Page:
I think the most important takeaway for how the project has run as positively as it has is mutual respect for each other and each other’s thoughts, opinions, or positions. I think that positive spaces can be made if people remain positive towards each other.
Daniel: I am pleased that you saw the way we tried to create a respectful space for everyone who was part of the team.
I think a lot about that, in the language I use and making sure I talk about being a team and colleagues, to ensure we see ourselves as part of the same community and work - and not separate, because I think that is how we achieve and create things that *actually* reflect the lived experience of young people and not older people’s interpretation of the lived experience of young people.
Are there specific things you can point to that matter and help make this occur? Like for me, I think paying people is a crucial part of that - it means we are all getting paid for the work, and young people aren’t being exploited. But, is there anything else that stands out for you?
You recognised that whilst we as young people have thoughts and opinions that are valuable you also acknowledged that we needed guidance within this project because we didn’t have the expertise or experience that you guys had.
Reanna: I like the balance of it all. You recognised that whilst we as young people have thoughts and opinions that are valuable you also acknowledged that we needed guidance within this project because we didn’t have the expertise or experience that you guys had.
I think this project was also able to work as well as it did because we had the benefit of already being engaged in what we were doing. If we were uninterested in the things being discussed we wouldn’t have connected and built on each other’s ideas as much as we did.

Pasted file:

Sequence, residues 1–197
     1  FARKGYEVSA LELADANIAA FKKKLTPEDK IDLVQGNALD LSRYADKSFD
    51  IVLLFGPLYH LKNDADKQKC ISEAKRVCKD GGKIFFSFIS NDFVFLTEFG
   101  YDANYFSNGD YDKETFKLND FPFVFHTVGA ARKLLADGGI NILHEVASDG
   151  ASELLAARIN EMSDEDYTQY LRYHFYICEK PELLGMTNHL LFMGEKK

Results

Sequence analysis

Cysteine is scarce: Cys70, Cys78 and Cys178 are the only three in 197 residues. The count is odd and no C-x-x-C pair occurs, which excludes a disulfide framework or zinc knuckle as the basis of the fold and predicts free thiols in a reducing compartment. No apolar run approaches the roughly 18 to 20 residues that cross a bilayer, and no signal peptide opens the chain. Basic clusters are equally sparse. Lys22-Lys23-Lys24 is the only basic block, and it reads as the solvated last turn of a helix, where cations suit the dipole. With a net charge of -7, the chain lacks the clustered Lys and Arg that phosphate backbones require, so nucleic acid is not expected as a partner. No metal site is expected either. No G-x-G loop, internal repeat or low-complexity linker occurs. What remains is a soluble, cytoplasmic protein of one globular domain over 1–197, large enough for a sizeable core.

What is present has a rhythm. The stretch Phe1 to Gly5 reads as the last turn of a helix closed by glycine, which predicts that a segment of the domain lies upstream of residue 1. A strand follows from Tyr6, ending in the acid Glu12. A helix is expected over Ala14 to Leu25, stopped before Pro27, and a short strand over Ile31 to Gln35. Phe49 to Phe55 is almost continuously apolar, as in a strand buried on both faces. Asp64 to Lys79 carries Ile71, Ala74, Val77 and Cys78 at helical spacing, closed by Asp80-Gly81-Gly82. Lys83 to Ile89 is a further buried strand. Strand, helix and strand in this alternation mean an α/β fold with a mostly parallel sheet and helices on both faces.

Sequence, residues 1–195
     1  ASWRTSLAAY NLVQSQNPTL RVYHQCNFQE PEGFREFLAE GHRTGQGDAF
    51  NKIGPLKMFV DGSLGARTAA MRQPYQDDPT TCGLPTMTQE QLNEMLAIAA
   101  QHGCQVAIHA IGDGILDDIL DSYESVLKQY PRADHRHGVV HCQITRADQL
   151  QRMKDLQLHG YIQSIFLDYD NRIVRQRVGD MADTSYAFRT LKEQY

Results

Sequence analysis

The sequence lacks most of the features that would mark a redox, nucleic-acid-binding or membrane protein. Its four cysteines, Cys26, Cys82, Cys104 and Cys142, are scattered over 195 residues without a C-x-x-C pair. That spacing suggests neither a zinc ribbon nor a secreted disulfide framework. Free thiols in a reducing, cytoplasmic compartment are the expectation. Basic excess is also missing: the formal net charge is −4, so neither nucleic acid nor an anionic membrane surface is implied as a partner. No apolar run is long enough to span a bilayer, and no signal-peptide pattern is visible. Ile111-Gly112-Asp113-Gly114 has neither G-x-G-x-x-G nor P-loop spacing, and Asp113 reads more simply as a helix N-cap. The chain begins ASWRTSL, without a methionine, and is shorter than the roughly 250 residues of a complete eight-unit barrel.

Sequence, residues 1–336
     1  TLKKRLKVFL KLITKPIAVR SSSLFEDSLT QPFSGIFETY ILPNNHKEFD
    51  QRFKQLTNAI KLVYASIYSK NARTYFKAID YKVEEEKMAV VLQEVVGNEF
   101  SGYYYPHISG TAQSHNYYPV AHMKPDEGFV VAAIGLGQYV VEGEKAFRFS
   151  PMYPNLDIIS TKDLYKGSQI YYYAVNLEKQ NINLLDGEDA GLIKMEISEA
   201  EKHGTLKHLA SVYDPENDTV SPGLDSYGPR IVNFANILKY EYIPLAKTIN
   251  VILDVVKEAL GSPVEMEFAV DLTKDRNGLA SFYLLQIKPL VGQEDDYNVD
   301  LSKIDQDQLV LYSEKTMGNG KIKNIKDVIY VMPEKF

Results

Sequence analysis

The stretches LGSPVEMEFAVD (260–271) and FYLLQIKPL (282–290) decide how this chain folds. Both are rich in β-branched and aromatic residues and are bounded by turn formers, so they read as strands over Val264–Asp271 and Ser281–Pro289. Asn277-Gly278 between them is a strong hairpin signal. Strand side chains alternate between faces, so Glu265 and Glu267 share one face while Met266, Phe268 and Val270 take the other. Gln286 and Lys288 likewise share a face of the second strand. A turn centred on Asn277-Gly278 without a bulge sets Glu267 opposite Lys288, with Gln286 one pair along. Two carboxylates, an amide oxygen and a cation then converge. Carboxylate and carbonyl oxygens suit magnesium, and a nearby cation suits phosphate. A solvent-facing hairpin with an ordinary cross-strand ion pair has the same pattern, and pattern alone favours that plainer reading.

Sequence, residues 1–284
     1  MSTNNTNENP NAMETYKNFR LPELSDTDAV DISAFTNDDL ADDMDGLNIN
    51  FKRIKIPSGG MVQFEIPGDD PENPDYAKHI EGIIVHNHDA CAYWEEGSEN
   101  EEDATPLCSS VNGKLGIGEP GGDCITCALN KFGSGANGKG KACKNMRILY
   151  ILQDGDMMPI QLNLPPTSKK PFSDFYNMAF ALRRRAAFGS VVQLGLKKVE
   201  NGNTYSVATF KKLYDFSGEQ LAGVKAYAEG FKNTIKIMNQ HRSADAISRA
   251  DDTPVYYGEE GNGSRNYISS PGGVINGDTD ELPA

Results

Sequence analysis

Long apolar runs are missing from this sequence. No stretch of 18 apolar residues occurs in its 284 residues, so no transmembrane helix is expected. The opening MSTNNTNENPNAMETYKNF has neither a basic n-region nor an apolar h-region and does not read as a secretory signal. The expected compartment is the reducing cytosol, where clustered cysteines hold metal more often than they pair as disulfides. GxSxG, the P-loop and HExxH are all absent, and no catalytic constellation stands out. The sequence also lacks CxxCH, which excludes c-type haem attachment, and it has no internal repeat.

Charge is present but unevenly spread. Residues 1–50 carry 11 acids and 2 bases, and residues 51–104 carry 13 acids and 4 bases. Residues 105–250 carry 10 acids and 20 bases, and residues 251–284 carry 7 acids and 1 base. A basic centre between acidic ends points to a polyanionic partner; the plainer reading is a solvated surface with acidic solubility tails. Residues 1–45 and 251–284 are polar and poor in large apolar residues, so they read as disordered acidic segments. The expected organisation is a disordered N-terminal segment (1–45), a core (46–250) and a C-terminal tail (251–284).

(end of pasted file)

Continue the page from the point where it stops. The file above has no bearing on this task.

I agree that being paid definitely helped with the mutual respect we had throughout the group and across the different ages and skill levels.
Overall, I think that the environment you built up from the beginning where we offered our opinions and you guided us as to how we were supposed to present them was the main reason the program worked so well.
Daniel: I think often people think the aim of participation to “bring young people up” to the adult level, whereas I think what people fail to do is realise adults have to come down as well. And, that level is actually a really powerful thing - not a bad thing!
We need to give young people power to create and to make decisions and help direct what should happen, but they also need help to do that. A lot of that help is adults letting go of the hierarchy, and finding ways to not take over or be dismissive, or allow young people to make a decisions and then change it.
I don’t think this is an easy tension for anyone involved, but it is an important tension - we don’t always get it right - but I think that is what this article needs to be about.
An example is trying to support everyone to produce video content that can work for the project. We want everyone represented, but it still needs to be footage that can work for the editing process and for the viewer at the end - and our job in leading the project is to help you and the others develop those skills, and give direction around what might help make it better, not tell you what to say - but just support to develop the skills to capture it.
Do you think we got there with that?
Reanna: I think that sums it up really well! Anything else would be rambling I reckon.
Want to see more about In Real Life? Check out these other articles written by IRL Creative Advisors and resources to learn more: